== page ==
Stephen C. Rose
Mar 24, 2015 · 4 min read

See Ramps — Medium

Continuing articulation of Cybercommunities, cities of the future.

We are getting into the very center of the technology that will be required to get the cybercommunity concept launched. But it is hard to believe that the general requirements of such a structure cannot be developed using aspects of technology that are already here. 3D Printing for one. Prefabrication for another. RV construction for another. Modular construction for another.

I have already posited a Matrix, an amazing structure that will not only replace a foundation but also the need for bearing walls. In essence the matrix is the skeleton of the cybercommunity and spaces are sections of modular magic fit together in any desired conformation. The matrix grows with the spaces. Both are easily assembled and easily disassembled.

Now the biggest thing about spaces is the strength of the elements, their lightness, and their capacity to function as what we call floors, walls, ceilings, doors and walkway surfaces. Surfaces is the operative name for these elements. They will have a maximum size that makes them transportable and easy to handle.

Let’s imagine the makings of a part of a city.

Let’s assume that a typical space will be 12' by 12' with a height of 9'.

Sides, tops, bottoms, walks

Taking the above to represent modular components we can assume that a typical space would have 16 6 by 6 surfaces for sides and 8 for top and bottom — 24 in all. These would fit together and would be affixed to the matrix. The matrix would bear the surface. Walks would be as halls are now and would also suggest spaces for storage and facilities.

Imagine several things:

That something like this is doable.

That there could be a single standard for the creation of spaces/

Imagine that the spaces could be thin and made of material that is strong enough to serve as an interior surface which functions the way walls do.

Imagine that assembly of spaces is simply a matter of creating a specific matrix — by adding elements to the basic matrix — and then attaching these surfaces and connecting them.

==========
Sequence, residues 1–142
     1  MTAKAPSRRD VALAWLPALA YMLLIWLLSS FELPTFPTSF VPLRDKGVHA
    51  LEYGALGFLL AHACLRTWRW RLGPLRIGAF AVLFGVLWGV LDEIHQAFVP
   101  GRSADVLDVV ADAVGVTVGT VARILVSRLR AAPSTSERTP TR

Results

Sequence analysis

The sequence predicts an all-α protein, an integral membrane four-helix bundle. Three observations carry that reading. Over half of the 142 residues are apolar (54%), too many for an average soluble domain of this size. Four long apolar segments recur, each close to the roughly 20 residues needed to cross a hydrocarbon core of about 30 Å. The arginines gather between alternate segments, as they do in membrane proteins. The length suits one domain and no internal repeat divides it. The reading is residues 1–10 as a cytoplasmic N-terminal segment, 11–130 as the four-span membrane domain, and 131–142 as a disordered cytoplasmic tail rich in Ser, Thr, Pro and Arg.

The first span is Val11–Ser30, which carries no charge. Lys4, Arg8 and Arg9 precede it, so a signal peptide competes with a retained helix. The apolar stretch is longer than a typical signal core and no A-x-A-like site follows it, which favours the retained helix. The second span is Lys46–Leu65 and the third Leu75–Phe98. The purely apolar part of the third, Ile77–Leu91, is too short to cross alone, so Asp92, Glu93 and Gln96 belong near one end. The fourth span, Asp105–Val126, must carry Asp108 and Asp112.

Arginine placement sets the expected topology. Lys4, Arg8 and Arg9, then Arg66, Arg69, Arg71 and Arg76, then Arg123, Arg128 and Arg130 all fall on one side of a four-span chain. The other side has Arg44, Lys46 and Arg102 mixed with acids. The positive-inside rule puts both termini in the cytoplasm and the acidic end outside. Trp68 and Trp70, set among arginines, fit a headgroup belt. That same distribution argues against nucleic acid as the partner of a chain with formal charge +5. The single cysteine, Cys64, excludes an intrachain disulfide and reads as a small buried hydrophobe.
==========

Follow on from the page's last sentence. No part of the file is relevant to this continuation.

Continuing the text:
The actual form and shape of “cities” would be any shape and form imagined, desired, doable within the parameters of the matrix and the components. There is abundant space behind any structures that are on the main place. I can see for a family a cluster of three or four private spaces clustered around a terrace or play area. I can see a similar cluster occupied by single residents who want to have shared semi-private and semi-public space.

My plea here is for standardized elements because I have no illusions. The matrix and the surfaces are not coming out of thin air. They will be expensive to create. The only way that the cost can become reasonable is if the initial models are replicable. When this is the case it could become open source and globally usable.

This is as good a place as any to make a major point regarding space, upending the premises on which we have created the present sprawl.

We have assumed that we need tall buildings to deal with a growing population. Of course there are other obvious reasons for this height-matters approach. But basically this notion is dead wrong. Skyscrapers represent a silly solution to the problems of population.

Other harbingers of sprawl are:

The false notion that an economy must grow incessantly to be prosperous.

The truth is that an economy can be eminently prosperous if it is devoted to the growth of individuals, particularly in the realm of values.

The false notion that population is our problem.

The truth is that our problem is achieving a proper density for the population we have. Imagination clusters of 10,000 persons easily fitting into a square mile as I have indicated. How many of these would it take to cover the entire population of the world? Try this using the 48 contiguous states of the US and you will see the light.

And if you are saying that you have no interest in living in this way, you want 300 acres and a McMansion, be my guest. The proposed plan must be desirable to most but will never please everyone. I am merely pointing out that the population hawks, like deficit hawks, have a simplistic intuition when it comes to getting at the problem.

The refusal to relate density and prosperity.

Density is the key to prosperity. Too much density is a sign of inhumane crowding. To little simply condemns the outliers to the expense of getting to where an income can be made. Naturally the cybercommunity is predicated on basic income, but even without basic income such cities are poised to be profitable. I think of Capri and its 7000+ residents and its plethora of tourists from all over. It is car free. Most of its four square miles are uninhabitable. There there are no skyscrapers. The Island is regarded as a sort of paradise. My experience there is that you will find people about but crowds only in areas that seek them, such as the main Piazza.

We do not need skyscrapers. We do not need suburbs. We do not need commuting. We need a redoing of the world. Car free communities with local governance and a disposition to reduce the obvious sources of harm, by addressing the realities of individuals. Communities based on helpfulness, tolerance and democracy.

This handbook is meant to accompany Planning and Designing a Good Future: What to Strive for and What to Avoid

Stephen C. Rose

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